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The most common cause of neonatal sepsis in rich countries is group B streptococcus (Streptococcus agalactiae). It usually affects infants in the first three months of life, with vertical transmission from the mother being the cause in early onset disease (age 0–6 days) and maternally or environmentally acquired infection in late onset disease (age 7–89 days). Intrapartum antibiotic prophylaxis for high risk or known carrier mothers reduces the risk to the infants …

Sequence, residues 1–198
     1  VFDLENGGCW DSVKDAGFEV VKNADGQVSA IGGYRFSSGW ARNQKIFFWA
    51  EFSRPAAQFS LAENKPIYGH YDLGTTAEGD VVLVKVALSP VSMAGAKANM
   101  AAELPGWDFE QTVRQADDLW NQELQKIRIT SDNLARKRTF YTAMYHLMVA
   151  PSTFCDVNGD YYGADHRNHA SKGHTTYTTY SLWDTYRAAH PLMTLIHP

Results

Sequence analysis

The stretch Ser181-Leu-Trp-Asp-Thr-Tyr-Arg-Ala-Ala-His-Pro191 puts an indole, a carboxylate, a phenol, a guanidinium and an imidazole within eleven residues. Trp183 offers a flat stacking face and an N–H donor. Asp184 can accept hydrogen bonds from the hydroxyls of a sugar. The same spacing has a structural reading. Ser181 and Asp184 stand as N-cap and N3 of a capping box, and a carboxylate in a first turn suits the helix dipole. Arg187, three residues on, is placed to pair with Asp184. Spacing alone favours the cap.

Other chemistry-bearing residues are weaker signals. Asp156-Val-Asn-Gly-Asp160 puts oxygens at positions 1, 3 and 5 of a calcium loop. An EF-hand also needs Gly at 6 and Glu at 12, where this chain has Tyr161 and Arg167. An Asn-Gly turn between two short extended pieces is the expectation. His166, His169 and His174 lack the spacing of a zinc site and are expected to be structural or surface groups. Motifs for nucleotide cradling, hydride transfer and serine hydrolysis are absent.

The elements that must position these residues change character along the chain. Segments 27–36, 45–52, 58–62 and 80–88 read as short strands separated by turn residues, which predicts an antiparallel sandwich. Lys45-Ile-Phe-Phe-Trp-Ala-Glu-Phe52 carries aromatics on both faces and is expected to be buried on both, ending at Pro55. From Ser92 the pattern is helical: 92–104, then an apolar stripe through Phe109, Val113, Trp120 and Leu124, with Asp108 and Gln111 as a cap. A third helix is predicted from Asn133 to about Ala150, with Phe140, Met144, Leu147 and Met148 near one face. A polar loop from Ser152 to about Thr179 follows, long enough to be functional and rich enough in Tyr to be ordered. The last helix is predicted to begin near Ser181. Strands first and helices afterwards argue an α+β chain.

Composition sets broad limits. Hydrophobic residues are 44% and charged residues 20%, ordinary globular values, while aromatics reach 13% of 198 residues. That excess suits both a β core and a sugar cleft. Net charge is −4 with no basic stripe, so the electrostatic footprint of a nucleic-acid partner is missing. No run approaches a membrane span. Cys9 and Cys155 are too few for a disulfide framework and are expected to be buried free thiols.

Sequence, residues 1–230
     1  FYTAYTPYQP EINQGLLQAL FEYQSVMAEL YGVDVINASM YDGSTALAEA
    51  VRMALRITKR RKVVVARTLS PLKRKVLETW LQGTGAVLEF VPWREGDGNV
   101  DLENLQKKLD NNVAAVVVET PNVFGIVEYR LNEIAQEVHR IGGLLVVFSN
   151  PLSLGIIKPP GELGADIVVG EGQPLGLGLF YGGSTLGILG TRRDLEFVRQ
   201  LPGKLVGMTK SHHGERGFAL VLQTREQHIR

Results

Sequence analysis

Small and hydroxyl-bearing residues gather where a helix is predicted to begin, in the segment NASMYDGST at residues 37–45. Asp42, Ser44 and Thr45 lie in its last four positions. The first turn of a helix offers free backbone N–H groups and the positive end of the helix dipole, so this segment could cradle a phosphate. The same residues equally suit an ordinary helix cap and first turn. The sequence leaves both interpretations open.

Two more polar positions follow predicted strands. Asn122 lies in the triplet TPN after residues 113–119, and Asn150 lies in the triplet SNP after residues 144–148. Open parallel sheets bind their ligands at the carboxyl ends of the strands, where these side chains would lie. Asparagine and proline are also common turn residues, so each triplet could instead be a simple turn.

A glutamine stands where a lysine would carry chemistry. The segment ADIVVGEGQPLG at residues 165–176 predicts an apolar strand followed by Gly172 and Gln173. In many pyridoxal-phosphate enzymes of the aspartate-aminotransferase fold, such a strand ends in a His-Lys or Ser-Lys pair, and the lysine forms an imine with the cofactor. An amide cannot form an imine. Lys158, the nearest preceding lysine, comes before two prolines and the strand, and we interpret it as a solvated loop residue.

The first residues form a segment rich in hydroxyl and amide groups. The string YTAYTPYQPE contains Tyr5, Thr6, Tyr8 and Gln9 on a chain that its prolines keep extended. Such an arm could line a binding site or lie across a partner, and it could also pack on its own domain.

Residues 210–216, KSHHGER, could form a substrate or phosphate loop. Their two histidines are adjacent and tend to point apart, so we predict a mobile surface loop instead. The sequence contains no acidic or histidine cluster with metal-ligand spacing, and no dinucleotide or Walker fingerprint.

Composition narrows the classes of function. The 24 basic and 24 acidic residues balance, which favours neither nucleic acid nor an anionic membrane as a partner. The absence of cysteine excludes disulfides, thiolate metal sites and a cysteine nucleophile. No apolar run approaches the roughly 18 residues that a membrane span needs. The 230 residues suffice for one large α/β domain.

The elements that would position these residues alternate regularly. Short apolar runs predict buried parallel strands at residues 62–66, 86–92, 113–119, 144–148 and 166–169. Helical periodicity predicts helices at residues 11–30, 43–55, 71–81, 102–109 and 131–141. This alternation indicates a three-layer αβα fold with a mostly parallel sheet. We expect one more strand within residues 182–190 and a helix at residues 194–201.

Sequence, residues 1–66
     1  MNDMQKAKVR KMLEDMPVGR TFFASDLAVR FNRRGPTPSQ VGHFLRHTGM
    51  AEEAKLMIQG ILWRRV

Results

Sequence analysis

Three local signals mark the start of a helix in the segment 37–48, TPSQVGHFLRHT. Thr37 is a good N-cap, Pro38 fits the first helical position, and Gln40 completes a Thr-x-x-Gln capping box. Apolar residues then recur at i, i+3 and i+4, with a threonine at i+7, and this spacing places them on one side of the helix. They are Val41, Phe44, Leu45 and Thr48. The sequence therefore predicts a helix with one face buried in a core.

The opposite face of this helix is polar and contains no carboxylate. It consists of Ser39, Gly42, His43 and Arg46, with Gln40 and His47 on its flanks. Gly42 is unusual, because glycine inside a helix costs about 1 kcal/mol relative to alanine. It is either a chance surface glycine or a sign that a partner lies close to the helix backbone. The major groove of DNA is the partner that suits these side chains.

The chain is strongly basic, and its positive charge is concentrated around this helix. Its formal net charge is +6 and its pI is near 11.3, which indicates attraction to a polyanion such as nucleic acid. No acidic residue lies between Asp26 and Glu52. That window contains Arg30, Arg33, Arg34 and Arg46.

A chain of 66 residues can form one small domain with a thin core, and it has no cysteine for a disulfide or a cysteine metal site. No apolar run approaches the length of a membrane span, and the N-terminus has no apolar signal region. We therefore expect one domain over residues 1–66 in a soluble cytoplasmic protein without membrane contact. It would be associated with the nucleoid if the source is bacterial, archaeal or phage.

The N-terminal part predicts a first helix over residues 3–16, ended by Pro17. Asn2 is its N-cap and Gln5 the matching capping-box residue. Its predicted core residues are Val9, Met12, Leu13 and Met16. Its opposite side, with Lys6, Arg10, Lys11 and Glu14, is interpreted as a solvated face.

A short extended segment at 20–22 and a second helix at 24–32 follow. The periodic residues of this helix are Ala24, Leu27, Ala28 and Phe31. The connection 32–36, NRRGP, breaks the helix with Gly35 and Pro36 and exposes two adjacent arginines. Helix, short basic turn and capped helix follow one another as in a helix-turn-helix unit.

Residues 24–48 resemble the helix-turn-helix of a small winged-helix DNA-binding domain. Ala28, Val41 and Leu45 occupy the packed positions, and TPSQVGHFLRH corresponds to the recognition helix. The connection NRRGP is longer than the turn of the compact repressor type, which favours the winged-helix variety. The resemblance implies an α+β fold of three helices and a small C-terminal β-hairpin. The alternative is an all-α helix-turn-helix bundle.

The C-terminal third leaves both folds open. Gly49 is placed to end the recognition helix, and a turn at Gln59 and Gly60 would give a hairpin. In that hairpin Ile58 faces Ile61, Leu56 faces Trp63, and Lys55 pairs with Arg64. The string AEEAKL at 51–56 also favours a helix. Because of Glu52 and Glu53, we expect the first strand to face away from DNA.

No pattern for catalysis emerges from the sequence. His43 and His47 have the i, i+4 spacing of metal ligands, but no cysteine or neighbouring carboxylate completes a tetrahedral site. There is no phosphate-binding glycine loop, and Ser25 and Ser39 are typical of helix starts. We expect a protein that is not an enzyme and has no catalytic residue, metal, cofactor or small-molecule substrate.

Competing interests None.
Provenance and peer review Commissioned; internally peer reviewed.